Vadodara-based Cosara, helmed by six women, has been making RT-PCR tests amid the COVID-19 pandemic since April 2020, to ensure timely detection of the disease.
On April 26, Delhi woke up to a dip in coronavirus cases, as the single-day spike stood at 20,201. While many saw this as a sign of relief, it was later noted that the city had conducted fewer tests on Sunday (April 25). From a daily average of 79,123, the tests came down by 37%. A similar trend was also seen in Maharashtra, thus reiterating the significance of COVID-19 tests before premature celebrations on such developments.
It is no doubt that hospitals and COVID-19 centres are swamped, as across India, people showing symptoms are rushing to get tests conducted. A colleague in Gurugram had to wait for nearly a week to get the test, and by the time her number came, her symptoms were gone.
Conducting tests on time has been a crucial component in this fight against the deadly virus, but very few know what goes behind making thousands of kits without delays. A delay by even an hour can cost someone their life, as hospitals are now not admitting patients without the test results.
The Better India spoke to Vadodara-based Dr Swapnali Kulkarni, who is at the forefront of making Reverse transcription-polymerase chain reaction (RT-PCR) kits. An average of 40,000 tests are dispatched every day from Cosara Diagnostics Pvt Ltd, where Dr Kulkarni heads the technical services department.
Along with her, five other women — production officer Kesha Parikh, quality assurance officer Julie Tahilramani, R&D officers Janki Dalwadi and Jinitha Varghese, and quality check officer Kirti Doshi — are heading the operations of diagnostic tests to meet the country’s massive demand.
Dr Kulkarni talks about what goes on inside the factory, the race between quality checks and time, and why the women-led team has not taken a single leave in the last year.
20 lakh kits for India
Cosara is a subsidiary of the listed company Ambalal Sarabhai, founded by Vikram Sarabhai. It has been a pioneering supplier of RT-PCR to various states including Gujarat, Telangana, Maharashtra, Karnataka and Delhi. Since the beginning of lockdown in April 2020, it has supplied nearly 20,00,000 tests.
When they started, the daily manufacturing capacity was 8,000, which has increased by 400% in the second wave. The pressure to fill the demand and supply gap is immense, notes Dr Kulkarni.
“Earlier, we were making tests on a per person basis, but now, we have to make kits. Each kit comprises 400-500 tests. We are way past adhering to our office timings, and each person is dedicating extra hours without complaining. Not a single person has applied for leave even though the option is available. This is the time when we are given a chance to put our education and knowledge to use. Everyone wants to contribute in tackling the crisis and that is commendable.”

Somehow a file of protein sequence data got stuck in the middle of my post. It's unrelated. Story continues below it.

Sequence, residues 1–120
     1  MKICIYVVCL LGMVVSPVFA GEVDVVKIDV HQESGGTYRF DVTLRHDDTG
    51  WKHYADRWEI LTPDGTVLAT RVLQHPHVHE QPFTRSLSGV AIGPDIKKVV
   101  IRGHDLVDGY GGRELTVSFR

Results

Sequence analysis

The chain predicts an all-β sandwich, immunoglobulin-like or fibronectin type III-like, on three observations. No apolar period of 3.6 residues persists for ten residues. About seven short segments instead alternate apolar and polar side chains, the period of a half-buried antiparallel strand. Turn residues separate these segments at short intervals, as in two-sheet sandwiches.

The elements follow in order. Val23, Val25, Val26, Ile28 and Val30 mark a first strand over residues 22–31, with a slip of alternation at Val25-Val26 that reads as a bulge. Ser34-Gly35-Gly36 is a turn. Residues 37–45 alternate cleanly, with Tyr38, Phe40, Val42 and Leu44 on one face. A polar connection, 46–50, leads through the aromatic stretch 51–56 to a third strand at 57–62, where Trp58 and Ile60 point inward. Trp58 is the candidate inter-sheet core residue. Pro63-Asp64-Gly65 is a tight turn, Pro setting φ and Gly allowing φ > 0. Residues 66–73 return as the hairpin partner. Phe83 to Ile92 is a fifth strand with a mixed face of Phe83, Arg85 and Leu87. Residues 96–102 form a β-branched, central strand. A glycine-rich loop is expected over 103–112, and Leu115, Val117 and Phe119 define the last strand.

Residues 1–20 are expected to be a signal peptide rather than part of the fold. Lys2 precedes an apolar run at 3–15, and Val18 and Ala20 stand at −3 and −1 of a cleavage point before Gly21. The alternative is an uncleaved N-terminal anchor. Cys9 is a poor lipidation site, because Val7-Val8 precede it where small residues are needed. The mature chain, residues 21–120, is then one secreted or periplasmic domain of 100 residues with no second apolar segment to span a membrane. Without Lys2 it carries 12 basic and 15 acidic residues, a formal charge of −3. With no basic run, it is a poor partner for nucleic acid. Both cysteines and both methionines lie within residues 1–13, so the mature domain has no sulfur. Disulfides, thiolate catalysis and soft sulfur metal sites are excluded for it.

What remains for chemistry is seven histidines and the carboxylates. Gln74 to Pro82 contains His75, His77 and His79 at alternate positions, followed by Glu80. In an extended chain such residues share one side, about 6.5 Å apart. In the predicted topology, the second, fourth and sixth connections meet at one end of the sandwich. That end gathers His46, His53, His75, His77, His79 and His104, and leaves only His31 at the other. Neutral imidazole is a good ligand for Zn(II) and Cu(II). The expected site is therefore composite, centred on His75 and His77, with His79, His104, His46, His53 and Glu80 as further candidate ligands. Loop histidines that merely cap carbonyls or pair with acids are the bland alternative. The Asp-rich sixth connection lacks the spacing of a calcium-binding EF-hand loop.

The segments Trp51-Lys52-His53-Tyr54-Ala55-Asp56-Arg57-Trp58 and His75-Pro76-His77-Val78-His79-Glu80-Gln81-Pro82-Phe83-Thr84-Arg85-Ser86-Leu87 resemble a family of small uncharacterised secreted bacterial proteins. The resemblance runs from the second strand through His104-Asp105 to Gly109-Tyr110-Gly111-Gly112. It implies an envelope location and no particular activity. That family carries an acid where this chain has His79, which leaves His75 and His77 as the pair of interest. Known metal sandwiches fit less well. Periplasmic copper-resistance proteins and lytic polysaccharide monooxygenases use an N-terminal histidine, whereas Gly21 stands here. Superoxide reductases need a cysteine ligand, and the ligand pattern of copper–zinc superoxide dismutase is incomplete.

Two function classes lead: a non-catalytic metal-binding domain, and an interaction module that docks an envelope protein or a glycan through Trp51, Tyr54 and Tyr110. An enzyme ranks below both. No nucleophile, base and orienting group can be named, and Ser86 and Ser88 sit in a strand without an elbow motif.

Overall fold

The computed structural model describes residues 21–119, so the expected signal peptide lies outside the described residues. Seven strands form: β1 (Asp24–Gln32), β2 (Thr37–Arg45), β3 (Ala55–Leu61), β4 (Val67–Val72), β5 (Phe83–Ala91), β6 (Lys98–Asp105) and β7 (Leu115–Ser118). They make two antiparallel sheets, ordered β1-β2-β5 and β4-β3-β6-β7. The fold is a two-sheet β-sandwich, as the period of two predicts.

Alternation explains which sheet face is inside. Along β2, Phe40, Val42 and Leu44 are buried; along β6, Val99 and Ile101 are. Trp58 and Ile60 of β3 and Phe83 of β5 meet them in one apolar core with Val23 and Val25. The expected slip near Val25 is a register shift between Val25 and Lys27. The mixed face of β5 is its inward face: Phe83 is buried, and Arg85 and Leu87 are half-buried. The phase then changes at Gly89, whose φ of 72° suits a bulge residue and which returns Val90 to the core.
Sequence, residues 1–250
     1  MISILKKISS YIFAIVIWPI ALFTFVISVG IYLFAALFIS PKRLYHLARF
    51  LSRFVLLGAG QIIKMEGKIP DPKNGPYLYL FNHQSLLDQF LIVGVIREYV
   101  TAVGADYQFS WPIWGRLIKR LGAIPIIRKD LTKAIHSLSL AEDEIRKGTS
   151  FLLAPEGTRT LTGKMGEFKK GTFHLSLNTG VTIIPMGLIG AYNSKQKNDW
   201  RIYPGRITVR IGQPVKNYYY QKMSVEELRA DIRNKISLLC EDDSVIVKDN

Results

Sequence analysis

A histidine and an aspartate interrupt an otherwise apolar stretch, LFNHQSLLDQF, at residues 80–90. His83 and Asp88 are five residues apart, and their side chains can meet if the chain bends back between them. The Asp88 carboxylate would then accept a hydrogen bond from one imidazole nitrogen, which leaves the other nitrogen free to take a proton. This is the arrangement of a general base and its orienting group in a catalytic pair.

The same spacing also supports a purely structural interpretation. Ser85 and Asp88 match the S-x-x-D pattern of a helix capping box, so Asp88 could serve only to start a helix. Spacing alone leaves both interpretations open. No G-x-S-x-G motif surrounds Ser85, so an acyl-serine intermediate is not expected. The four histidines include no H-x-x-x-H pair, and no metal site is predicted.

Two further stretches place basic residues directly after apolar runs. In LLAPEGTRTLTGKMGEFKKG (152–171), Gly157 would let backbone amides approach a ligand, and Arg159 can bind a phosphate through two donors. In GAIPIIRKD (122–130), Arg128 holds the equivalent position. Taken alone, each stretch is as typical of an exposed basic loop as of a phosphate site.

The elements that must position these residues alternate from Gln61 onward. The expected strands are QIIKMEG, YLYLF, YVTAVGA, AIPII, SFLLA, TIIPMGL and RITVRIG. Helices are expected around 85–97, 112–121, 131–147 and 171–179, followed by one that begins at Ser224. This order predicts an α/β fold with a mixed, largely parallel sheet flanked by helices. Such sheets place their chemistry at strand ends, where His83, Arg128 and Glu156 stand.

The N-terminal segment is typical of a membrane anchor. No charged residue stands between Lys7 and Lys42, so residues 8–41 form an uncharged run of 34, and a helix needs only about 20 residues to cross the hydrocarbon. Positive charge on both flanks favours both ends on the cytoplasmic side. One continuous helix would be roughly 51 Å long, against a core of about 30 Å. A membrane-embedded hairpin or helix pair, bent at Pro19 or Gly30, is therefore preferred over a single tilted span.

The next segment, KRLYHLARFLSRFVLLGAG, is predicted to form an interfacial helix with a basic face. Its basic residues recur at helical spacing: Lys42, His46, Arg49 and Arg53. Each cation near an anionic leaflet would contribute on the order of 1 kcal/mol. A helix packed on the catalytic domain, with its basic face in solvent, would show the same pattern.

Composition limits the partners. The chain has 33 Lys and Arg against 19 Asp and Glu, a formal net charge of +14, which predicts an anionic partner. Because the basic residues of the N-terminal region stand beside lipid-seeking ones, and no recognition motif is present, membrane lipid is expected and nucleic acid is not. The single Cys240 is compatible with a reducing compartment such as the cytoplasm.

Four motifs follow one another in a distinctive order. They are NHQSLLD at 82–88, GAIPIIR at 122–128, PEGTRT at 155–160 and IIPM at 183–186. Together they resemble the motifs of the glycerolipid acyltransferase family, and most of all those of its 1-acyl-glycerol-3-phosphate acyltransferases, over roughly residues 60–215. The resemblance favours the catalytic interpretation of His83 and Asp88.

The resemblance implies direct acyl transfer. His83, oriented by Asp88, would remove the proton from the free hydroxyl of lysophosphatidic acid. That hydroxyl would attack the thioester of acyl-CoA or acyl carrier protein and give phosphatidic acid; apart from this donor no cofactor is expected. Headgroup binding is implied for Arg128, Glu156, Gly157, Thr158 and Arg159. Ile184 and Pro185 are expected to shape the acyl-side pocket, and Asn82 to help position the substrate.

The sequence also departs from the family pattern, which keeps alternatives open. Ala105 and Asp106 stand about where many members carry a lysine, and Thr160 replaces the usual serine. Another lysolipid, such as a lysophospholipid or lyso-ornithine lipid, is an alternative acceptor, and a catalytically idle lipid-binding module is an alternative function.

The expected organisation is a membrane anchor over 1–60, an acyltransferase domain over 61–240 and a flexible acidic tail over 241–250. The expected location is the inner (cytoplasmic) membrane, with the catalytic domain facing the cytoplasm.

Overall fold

The staff’s dedication is reflected in the modified working pattern. Contrary to the previous system, where each department was doing its designated work, the work is now overlapping. For instance, if a person in charge of packaging finishes work early, they immediately rush to check if the tally department needs a hand.
There are multiple stages of test preparation that take place over two days, including pre and post-production. The technology, developed by Cosara, is faster and gives the results in real-time.
“Traditional protein-based diagnostic tests need a particular period after infection for correct diagnosis. As early diagnosis is the basis to define the line of treatment, it becomes very crucial for doctors to choose a reliable diagnostic test that detects the presence of any pathogen as early as possible after entering the human body, and before it shows symptomatic manifestation. Our kits are based on the Real-Time PCR (RT PCR) technique, which is the latest technology in the diagnostic field. This technique skips the wait for a lengthy window period,” Dr Kulkarni explains.
The kits are developed using Co-Primer Technology, which enhances speed, accuracy and cost-effectiveness. It is a combination of biotechnology, advanced algorithms, and bioinformatics. Tests can be performed in less than three hours from DNA extraction. Once the kits are ready, they go through randomised checking and other quality checks before dispatch.
Apart from helming the process, the team also assists government and private labs with technical guidance. Seeing the current rate at which cases are spiking, the team aims to scale its operations and make 8,00,000 tests every month shortly.
Edited by Divya Sethu